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Economic Crisis: COVID-19 Pandemic will have greater impact than the stock market crash of 1929

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Economic Crisis: COVID-19 Pandemic will have greater impact than the stock market crash of 1929

June 03
18:03 2020

It has been more than two months since the majority of businesses have been shut down. The hotel, restaurant and tourism sectors are the most strongly impacted by this major economic crisis. Companies such as Ryanair, Rolls Royce, Renault, Uber or AirBnB have had to resort to mass redundancies. Hertz in the United States and Canada has made tens of thousands of employees redundant. In the United States, the unemployment rate jumped to 14.7% in April and could reach 20% very quickly. As a reminder, it was 3.6% at the end of 2019! It should be remembered that in 1929 unemployment was half of what it is today. The scale of this disaster is global.

In the face of this unprecedented crisis, public authorities have had to take unprecedented measures. Never before had there been any question of forcing a population to remain confined, of limiting travel to a radius of 100 km from its home, or even having to produce an exit permit. All these measures have radically changed our way of life. The political authorities took these strong measures to limit the circulation of the virus and the number of deaths caused by this pandemic. But in the minds of many French people, they have been discriminatory, illogical and some even feel that they came too late.

More inequality and authoritarianism

Border closures, containment, quarantine, the pandemic gave an excuse to those who wanted to implement increased protectionism. The free movement of goods was hampered, with the result that citizens became increasingly afraid of running out of essentials. Fear that provoked shocking images of confrontations in supermarkets or hoarding of basic necessities. It should also be noted that the executive power of our countries has relied on the recommendations of a Scientific Council, composed of personalities specialised in epidemiology. For the first time in modern history, the well-being of the population has, for the first time, exceeded economic interest.

Chronicle of a recession foretold

To those who still believe that once the summer is over, everything will return to normal, it must be said: you are mistaken. Until a vaccine is found, until the virus can mutate to produce a new strain every year, no one is safe from Covid-19. Therefore, a return to normal – if at all – cannot be objectively envisaged for several months or even years. In the meantime, we are going to have to learn to live differently, to live together differently, to consume differently, to work differently; for what is most likely awaiting us is a long recession, worse than the one the world experienced after the stock market crisis of 1929.

While the first mass redundancies have started, all over the world policies cannot change this, only populists and extremists can benefit from them.

It is the impression of the immense majority, that it is in the mahogany henhouses praised by Alain Souchon (a nod to the author of Foule sentimentale), that we only see headless fowls running in all directions, straight to their rout. Politics has no place, the crisis is neither left-wing nor right-wing, it has no political affiliation. The upheaval that countries are experiencing can only be resolved with a European, if not international, consensus and revolutionary measures such as the New Deal and the Marshall Plan used during the major financial crises. Partisan agitation can only benefit extremists and populists who have no effective alternative but to take advantage of this misfortune. In fact, we are seeing the emergence of media figures who have no skills or ideas to deal with this problem.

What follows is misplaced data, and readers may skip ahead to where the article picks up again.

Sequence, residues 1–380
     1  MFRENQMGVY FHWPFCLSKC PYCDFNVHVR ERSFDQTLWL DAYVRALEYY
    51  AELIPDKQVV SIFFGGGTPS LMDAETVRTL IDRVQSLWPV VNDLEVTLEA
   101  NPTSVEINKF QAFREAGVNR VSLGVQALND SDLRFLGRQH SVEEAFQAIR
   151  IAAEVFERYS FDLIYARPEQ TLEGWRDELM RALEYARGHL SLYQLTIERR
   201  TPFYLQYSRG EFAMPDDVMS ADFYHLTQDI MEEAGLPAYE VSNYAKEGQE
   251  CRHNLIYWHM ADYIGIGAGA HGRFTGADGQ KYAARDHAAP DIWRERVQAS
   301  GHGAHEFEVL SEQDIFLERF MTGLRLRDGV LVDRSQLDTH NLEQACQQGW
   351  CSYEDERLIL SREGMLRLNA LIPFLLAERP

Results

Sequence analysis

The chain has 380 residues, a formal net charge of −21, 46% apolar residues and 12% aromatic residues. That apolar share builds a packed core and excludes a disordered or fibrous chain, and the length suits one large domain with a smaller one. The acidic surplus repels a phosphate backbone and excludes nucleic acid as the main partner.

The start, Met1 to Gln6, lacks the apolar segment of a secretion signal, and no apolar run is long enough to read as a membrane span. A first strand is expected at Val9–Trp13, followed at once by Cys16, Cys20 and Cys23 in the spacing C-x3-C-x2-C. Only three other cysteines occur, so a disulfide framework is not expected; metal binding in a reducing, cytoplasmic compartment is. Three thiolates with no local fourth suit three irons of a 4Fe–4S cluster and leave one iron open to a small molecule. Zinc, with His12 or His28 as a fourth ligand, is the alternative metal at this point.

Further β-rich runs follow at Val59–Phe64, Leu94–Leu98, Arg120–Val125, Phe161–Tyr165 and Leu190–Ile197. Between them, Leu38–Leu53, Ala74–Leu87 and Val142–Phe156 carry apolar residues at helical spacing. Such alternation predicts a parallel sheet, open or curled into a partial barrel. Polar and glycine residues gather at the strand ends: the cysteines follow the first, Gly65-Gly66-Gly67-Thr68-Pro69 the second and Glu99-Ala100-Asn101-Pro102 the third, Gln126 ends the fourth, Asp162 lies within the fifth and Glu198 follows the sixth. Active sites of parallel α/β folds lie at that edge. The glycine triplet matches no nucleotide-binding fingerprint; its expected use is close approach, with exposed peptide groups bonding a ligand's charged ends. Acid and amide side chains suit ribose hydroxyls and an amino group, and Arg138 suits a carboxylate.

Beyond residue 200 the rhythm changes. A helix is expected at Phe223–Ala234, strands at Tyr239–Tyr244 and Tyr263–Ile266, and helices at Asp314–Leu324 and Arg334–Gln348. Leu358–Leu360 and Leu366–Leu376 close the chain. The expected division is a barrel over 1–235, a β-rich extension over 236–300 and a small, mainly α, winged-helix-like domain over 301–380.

A sign of hope in the fog

If the world is on the verge of an even more dramatic depression than that of the 1930s, we must nevertheless remain hopeful. Containment will certainly have positive sides: it will have brought us closer together. It will have taught us to work differently. It will have taught us to cherish what is essential: our lives are not only destined to play an economic role in society.

This pandemic has also made us aware that it is in fact essential to be independent in several areas, in particular: the plan for the manufacture of medicines, spare parts and the management of the stock of masks. This crisis could enable States that have learned the lesson to make more intelligent investments that could allow a certain degree of self-sufficiency in the essential elements of health, medicines and all the products essential to a country’s life. More wisdom, the crisis also obliges us to make more reforms: a reform of the system, a wide-ranging tax reform, a waiver of the debts of the poorest countries and a reduction in the debts of citizens.

We are not safe from the next virus or a major climate crisis. These drastic measures are essential if we are to be ready this time.

I’ll tell you what…

Thierry Rayer président of The Cercle d’Etudes Scientifiques Rayer and Paul-Loup Sulitzer

The Cercle d’Etudes Scientifiques Rayer in collaboration with certain UNESCO delegations represented by their ambassadors aims, through the launch of the “Universae” project, to promote intercultural dialogue through education, science, culture, communication and information. A project that makes sense in this period of future socio-economic crisis.

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Company Name: Scientific Research Circle RAYER
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